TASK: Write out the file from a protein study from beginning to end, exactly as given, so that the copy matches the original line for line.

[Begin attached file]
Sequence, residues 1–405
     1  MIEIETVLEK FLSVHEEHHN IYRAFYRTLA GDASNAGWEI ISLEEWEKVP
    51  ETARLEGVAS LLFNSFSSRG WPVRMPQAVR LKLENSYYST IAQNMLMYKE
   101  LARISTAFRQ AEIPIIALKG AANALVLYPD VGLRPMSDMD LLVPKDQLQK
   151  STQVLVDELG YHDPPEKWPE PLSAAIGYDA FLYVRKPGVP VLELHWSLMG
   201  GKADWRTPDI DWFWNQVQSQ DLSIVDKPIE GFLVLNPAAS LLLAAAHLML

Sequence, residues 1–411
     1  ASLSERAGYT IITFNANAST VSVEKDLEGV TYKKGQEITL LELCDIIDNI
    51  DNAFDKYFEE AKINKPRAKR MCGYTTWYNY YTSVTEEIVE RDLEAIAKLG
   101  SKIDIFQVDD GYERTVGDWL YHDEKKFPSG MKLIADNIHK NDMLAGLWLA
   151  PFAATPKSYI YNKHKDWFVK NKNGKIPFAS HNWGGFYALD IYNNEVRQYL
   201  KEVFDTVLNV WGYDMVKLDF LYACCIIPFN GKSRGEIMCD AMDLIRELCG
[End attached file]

Sequence, residues 1–405
     1  MIEIETVLEK FLSVHEEHHN IYRAFYRTLA GDASNAGWEI ISLEEWEKVP
    51  ETARLEGVAS LLFNSFSSRG WPVRMPQAVR LKLENSYYST IAQNMLMYKE
   101  LARISTAFRQ AEIPIIALKG AANALVLYPD VGLRPMSDMD LLVPKDQLQK
   151  STQVLVDELG YHDPPEKWPE PLSAAIGYDA FLYVRKPGVP VLELHWSLMG
   201  GKADWRTPDI DWFWNQVQSQ DLSIVDKPIE GFLVLNPAAS LLLAAAHLML

Sequence, residues 1–411
     1  ASLSERAGYT IITFNANAST VSVEKDLEGV TYKKGQEITL LELCDIIDNI
    51  DNAFDKYFEE AKINKPRAKR MCGYTTWYNY YTSVTEEIVE RDLEAIAKLG
   101  SKIDIFQVDD GYERTVGDWL YHDEKKFPSG MKLIADNIHK NDMLAGLWLA
   151  PFAATPKSYI YNKHKDWFVK NKNGKIPFAS HNWGGFYALD IYNNEVRQYL
   201  KEVFDTVLNV WGYDMVKLDF LYACCIIPFN GKSRGEIMCD AMDLIRELCG